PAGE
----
British clinical-psychologist Simon Baron-Cohen is noted for making significant contributions in fields like autism-neuroimaging, autism-genetics, and synaesthesia, and his services to autistic people, for which he was knighted in the 2021 New Year Honours. He formulated mind-blindness theory and fetal-sex-steroid theory of autism and presently serves as a professor at the University of Cambridge and director of the university's Autism Research Centre.
Anthony Malcolm Daniels, better known by his pseudonym, Theodore Dalrymple, has worked as a physician in many African countries, such as Tanzania and Zimbabwe. The retired consultant psychiatrist and prison doctor is now known for his social and culture critiques in City Journal and other publications.
Born in British India, Wilfred Bion grew up to be a prominent psychoanalyst. He had fought during World War I. He is best remembered for his work on group dynamics and the object relations theory. He was also part of the Tavistock group of psychologists who founded the Tavistock Institute.
British doctor John Langdon Down was pushed to assist at his father’s shop at 14. He gained an interest in medicine after apprenticing with a London surgeon. A pioneer in the treatment of mentally challenged patients, he is remembered for his study of what is now known as Down syndrome.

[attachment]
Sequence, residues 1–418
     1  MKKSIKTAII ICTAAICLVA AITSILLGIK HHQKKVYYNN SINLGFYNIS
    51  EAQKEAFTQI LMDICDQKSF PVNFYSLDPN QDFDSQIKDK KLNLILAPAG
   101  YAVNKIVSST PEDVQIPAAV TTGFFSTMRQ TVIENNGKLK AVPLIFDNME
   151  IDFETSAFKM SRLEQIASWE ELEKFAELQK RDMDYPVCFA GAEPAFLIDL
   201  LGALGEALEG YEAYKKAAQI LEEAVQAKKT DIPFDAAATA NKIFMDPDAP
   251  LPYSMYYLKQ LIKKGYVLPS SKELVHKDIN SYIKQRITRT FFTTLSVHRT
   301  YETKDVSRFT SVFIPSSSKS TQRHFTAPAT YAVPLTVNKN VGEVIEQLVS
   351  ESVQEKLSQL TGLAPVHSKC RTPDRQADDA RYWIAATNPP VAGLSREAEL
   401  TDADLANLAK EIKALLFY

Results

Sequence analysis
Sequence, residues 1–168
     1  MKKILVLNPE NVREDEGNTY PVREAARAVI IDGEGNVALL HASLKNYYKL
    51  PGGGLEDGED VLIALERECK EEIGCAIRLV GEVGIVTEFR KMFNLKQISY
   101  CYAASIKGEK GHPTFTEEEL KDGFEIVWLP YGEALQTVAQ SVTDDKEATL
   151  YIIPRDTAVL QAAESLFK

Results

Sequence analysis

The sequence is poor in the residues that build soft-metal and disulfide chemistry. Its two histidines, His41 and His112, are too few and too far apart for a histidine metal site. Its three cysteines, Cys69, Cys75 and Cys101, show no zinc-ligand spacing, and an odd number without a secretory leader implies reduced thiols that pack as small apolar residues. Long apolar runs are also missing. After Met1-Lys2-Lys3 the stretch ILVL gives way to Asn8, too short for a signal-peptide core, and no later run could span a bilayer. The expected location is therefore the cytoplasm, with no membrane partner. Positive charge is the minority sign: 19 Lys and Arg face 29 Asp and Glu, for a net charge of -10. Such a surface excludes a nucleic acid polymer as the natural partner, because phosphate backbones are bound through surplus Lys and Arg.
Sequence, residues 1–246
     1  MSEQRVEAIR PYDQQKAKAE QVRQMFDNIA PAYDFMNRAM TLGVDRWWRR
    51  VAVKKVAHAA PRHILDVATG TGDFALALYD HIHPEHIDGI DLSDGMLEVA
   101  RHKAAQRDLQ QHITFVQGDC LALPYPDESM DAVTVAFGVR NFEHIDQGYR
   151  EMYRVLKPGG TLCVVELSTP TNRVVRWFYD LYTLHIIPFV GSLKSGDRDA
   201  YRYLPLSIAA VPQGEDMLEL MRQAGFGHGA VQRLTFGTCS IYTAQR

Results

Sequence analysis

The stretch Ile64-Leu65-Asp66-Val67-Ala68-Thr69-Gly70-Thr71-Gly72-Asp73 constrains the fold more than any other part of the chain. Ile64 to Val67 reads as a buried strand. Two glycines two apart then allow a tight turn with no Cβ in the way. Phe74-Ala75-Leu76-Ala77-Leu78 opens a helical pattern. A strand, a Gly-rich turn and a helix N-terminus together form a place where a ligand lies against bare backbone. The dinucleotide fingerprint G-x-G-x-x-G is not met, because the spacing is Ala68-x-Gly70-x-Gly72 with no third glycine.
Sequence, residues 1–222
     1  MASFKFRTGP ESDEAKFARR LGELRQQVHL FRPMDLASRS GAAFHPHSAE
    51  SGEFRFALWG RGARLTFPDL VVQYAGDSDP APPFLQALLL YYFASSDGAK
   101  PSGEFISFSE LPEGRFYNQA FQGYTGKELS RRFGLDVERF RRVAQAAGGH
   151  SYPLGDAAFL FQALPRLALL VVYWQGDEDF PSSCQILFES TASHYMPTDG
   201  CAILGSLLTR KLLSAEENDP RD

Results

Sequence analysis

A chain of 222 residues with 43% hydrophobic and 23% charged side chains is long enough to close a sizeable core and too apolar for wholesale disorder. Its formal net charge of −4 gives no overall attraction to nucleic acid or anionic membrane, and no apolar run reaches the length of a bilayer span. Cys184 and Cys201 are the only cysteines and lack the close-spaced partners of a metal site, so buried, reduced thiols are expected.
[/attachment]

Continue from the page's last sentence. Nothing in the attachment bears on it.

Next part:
Best known for his world-renowned bestselling sex manual The Joy of Sex and its equally successful follow-up books, British physician Alex Comfort had earned the nickname “Dr. Sex.” He had also written extensively on aging. He had apparently lost his left hand, except his thumb, in a gunpowder experiment.
English anthropologist and psychologist W. H. R. Rivers is best remembered for his work on the Todas of the Nilgiri Hills. A qualified physician, he also taught at Cambridge and worked extensively on medical psychology. One of his best-known works is Kinship and Social Organisation.
Apart from being a prominent Scottish physician, William Cullen was also a main pillar of the Scottish Enlightenment. Not only did he treat luminaries such as philosopher David Hume, but he also treated the poor free of cost. A University of Edinburgh professor of medicine, he was also a Royal Society Fellow.